The caveat is that those changes can’t propagate to the cloud without an internet connection. If you need to make changes to a file and upload them, you can only do the first part until you get a connection again.
Google will queue up the changed files and prepare them for uploading as soon as you get an internet connection again. Until you do, though, you won’t be able to see the updated files online.
This works in reverse as well. If you have a shared drive or a shared file that someone else is making changes to, they can change it all they like, and the changes will be saved to Drive. However, your version will be “stuck” at whatever the most recent version was the last time you had internet access. If you lose access, a collaborator makes changes to a file and saves them for you, and you open the file, you won’t have those changes because your local device hasn’t been able to download the changed files.
All in all, it seems pretty cut and dry, but is it?
Changing Google Drive from Streaming to Mirroring
If you expect that you’re going to have issues with internet connections, there’s a good chance that you want to have access to your files. There are a few ways to do this, but the easiest is to switch to mirroring.
Note, before you do this, that you’re going to need to make sure you have enough free space, bandwidth, time, and data capacity to download everything on your Google Drive. If you have a PC with a 1 TB hard drive and you’re using a basic 15 GB Google Drive, chances are you’ll be fine. On the other hand, if you have an upgraded Google Workspace account with hundreds of GB of data or more, you might reach capacity on your local device.
When you switch to mirroring files, you will download your Google Drive’s contents, which can be a lot, so make sure that if your ISP throttles downloads or imposes data caps, you’re not going to hit them.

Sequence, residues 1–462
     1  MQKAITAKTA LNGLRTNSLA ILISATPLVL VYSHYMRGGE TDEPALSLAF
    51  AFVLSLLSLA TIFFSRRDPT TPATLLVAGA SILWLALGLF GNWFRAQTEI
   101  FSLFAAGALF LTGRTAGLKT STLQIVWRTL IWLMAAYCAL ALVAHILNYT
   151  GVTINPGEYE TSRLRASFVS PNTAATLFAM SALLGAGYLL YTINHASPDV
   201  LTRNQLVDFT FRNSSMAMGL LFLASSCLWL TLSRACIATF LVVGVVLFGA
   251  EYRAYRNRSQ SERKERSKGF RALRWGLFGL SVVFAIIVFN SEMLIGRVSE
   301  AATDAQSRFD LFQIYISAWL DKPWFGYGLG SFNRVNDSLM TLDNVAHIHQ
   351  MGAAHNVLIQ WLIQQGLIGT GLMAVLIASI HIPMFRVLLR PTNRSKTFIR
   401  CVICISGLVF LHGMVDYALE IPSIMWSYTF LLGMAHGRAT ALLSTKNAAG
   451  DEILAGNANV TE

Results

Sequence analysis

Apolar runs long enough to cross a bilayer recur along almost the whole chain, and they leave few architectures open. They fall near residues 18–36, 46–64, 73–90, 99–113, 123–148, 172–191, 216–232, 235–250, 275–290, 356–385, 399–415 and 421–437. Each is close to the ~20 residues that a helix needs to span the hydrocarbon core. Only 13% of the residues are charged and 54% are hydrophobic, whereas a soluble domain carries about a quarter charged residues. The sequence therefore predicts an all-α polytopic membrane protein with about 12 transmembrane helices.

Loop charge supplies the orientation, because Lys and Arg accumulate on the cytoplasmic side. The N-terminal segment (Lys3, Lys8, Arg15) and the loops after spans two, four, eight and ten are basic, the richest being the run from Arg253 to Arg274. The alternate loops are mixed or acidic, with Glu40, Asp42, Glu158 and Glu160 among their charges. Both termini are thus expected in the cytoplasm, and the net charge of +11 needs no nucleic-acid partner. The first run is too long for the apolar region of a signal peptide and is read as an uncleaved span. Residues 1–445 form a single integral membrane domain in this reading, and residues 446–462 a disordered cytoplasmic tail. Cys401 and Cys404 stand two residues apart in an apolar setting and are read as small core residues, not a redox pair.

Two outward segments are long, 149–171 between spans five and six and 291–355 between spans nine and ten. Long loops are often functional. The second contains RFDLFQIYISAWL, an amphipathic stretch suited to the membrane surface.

Alright, with all of the warnings out of the way, here’s how you actually change Google Drive’s behavior. This only works with Drive for Desktop. So, open up your Drive for Desktop app. Click on the settings gear, and click Preferences. Click on Google Drive on the entries on the left, and you’ll see the two options for mirroring or streaming files. Click Mirror, progress through the confirmation, and Google will start to download your files into its own Google Drive directory in your root folder.
Now, all you do is wait. Google will take however long it needs to download your files, which can take a lot of time if you have a slower internet connection and a lot of files.
The biggest drawback with this method is that it’s all or nothing. Are there other options?
Another Option: Just Saving Files You Need
Another option is to predict what files you’re going to need to access and download local copies of those files before you lose internet access. This is fine for things like trips or cases where you know your internet might be spotty.
Here’s the process. Navigate to your Google Drive folder on your computer. This will show you the files you have streaming. Find the files you want to have access to, select them, and right-click on them. One of the options will be “Offline Access.” Click this, and check “Available Offline” for the file.
Google will download the file. When a green checkmark is visible next to the file, you’ll have offline/local access to the file.
The two drawbacks to this are:
- Changes won’t sync without online access. If someone else needs to update the file before you can use it, you’re out of luck until you get internet access again.
- You have to be using Drive for Desktop. If you usually use Drive through drive.google.com, you can’t use this method.